It’s Hispanic Heritage Month, y’all!! Every year I like to celebrate with my fellow bloggers from Multicultural Kid Blogs. Don’t miss the great line up of Hispanic Heritage Month articles (listed at the end of this post) that are coming out September 15 through October 15. Be sure to check them all out…I always learn so much!
Today I thought it would be fun to learn a Hispanic cultural tidbit about TIME.
(This post contains Amazon affiliate links.)
Understanding time in Spanish is more than just learning how to tell time. You also need to understand the concept of time held in Spanish-speaking countries. Of course, things always vary from country to country, region to region, and from rural to urban; however, generally speaking, Latinos approach time much more loosely and relaxed than some cultures like the United States, Germany, New Zealand, and others.
Here is a definition I found from the Urban Dictionary that explains it…
My first experience learning about this was having someone explain to me what “ahorita” meant. Ahora in Spanish generally means now. Ahorita comes from the word ahora, and carries a meaning of “in just a little bit,” or “here in a second,” and “just a minute.” Things of that nature. But the actual time is up for interpretation and could mean literally “right now” or “in 30 minutes.”
Watch this funny video from YouTube to understand just how broad of an interpretation we’re talking about.
In my opinion, it’s so FUN to learn about cultural differences. I also believe it’s very important that we don’t leave these things out when we are teaching a second language to our children! The beauty of learning a new language is that it opens our minds to know how one thing can be said many different ways and still be “right.” Just the same with living! There are many different ways to live life and they are all “right”!!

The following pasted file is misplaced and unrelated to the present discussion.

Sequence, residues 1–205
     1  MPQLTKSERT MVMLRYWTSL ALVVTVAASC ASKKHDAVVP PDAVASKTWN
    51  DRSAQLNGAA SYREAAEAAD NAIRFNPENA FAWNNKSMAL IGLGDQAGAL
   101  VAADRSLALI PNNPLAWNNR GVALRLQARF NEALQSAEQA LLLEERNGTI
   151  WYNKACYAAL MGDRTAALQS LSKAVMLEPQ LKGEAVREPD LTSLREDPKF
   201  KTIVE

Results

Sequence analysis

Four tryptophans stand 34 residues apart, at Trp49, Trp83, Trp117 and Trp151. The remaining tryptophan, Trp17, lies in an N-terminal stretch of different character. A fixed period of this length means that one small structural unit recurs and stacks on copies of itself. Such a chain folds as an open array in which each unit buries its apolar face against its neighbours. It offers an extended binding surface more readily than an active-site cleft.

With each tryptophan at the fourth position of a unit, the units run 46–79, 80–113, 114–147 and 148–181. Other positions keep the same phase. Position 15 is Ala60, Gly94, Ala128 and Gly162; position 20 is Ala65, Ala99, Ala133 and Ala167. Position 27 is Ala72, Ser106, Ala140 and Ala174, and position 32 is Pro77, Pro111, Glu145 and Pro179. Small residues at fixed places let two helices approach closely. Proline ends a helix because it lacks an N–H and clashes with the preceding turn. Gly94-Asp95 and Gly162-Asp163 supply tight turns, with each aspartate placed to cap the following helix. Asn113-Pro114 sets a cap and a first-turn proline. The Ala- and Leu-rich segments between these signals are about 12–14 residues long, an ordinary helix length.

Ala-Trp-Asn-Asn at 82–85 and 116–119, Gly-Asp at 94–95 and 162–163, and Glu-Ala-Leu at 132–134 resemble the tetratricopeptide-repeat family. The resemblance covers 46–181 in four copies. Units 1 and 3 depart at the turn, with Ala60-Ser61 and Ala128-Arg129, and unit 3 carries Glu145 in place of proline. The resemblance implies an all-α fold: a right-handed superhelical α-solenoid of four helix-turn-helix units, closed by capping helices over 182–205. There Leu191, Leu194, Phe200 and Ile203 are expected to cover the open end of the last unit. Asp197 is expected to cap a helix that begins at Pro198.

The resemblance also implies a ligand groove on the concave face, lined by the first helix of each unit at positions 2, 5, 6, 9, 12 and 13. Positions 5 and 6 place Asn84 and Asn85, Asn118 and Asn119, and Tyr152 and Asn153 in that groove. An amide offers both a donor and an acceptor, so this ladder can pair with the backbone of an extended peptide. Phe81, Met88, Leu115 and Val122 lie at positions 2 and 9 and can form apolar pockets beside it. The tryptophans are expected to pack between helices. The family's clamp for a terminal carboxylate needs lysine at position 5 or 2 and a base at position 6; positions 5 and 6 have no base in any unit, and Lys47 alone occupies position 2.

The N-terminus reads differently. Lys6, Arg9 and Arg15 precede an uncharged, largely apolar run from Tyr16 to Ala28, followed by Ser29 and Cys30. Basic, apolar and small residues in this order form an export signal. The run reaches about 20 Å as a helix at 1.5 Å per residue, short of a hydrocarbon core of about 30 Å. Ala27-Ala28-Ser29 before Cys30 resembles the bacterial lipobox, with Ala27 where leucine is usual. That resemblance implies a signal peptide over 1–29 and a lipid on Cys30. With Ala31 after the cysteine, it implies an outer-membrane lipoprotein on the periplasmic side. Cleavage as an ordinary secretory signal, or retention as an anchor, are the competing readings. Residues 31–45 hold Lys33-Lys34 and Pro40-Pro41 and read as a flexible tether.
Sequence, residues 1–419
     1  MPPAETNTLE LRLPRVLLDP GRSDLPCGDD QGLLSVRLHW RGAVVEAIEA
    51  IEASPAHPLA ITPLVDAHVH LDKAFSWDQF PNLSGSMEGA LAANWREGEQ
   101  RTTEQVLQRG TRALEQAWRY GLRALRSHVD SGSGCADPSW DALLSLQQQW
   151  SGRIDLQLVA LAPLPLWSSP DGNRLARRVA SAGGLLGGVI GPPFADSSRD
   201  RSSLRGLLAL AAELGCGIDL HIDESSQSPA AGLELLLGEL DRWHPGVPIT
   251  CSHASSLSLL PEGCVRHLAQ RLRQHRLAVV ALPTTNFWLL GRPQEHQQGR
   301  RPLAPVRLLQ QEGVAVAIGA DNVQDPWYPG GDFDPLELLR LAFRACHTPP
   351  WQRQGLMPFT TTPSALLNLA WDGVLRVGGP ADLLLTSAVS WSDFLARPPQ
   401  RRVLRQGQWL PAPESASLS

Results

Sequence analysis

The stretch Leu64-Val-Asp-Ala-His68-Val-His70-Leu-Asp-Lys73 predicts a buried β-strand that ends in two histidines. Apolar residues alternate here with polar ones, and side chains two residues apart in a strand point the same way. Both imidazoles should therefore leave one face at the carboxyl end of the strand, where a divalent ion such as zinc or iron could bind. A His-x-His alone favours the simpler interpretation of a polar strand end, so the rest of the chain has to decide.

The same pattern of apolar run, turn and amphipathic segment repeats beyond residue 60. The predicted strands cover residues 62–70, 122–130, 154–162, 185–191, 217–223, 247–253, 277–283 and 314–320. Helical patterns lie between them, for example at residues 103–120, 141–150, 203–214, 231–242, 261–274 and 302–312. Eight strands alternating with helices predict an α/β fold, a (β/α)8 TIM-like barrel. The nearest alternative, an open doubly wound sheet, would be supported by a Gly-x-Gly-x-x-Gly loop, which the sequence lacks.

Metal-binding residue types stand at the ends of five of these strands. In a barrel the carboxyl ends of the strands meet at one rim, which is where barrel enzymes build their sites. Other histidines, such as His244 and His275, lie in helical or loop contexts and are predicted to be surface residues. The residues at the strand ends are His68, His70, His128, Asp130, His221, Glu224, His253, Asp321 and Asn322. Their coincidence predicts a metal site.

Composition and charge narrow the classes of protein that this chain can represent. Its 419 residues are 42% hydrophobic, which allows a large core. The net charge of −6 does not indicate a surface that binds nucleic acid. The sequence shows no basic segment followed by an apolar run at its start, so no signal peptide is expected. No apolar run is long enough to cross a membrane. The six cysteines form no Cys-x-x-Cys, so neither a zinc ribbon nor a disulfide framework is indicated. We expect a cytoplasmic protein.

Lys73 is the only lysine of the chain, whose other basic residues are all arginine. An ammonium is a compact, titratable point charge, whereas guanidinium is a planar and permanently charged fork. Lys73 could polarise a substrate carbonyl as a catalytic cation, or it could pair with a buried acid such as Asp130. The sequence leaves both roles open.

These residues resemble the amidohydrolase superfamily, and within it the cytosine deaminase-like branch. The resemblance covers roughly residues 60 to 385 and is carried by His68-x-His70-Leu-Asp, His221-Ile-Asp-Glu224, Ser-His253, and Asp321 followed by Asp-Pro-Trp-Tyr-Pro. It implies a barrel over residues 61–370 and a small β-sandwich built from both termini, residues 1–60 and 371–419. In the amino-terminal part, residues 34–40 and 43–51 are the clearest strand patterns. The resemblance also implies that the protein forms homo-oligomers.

I belong to a Facebook group called “Spanish Teachers in the US.” One of the teachers there mentioned that she does a bellringer where she explains this cultural difference of time between the United States and Mexico. She opened up a discussion to see if others of the teachers had experienced the same difference in other Spanish-speaking countries. Here is what some of them had to say:
“Lived in Miami most of my life and the standing joke was “Cuban time” or real time? I showed up at a party at 8 (time on invite) and I was the only one there, except for the hosts, for a good 45 min.”
I have actually seen “hora inglesa” on a wedding invitation in Perú, meaning 4:30 meant 4:30!!
Yes, we called “la hora Tica” in Costa Rica. It was mainly for social gatherings. For appointments and classes, you had to be more on time.
I just finished a master’s program at Univ. of Salamanca and our Culture teacher made a significant deal about this – if you are on time, you are way early.
Once you’ve explained these neat cultural variances to your kiddos, why not teach them how to tell time in Spanish!!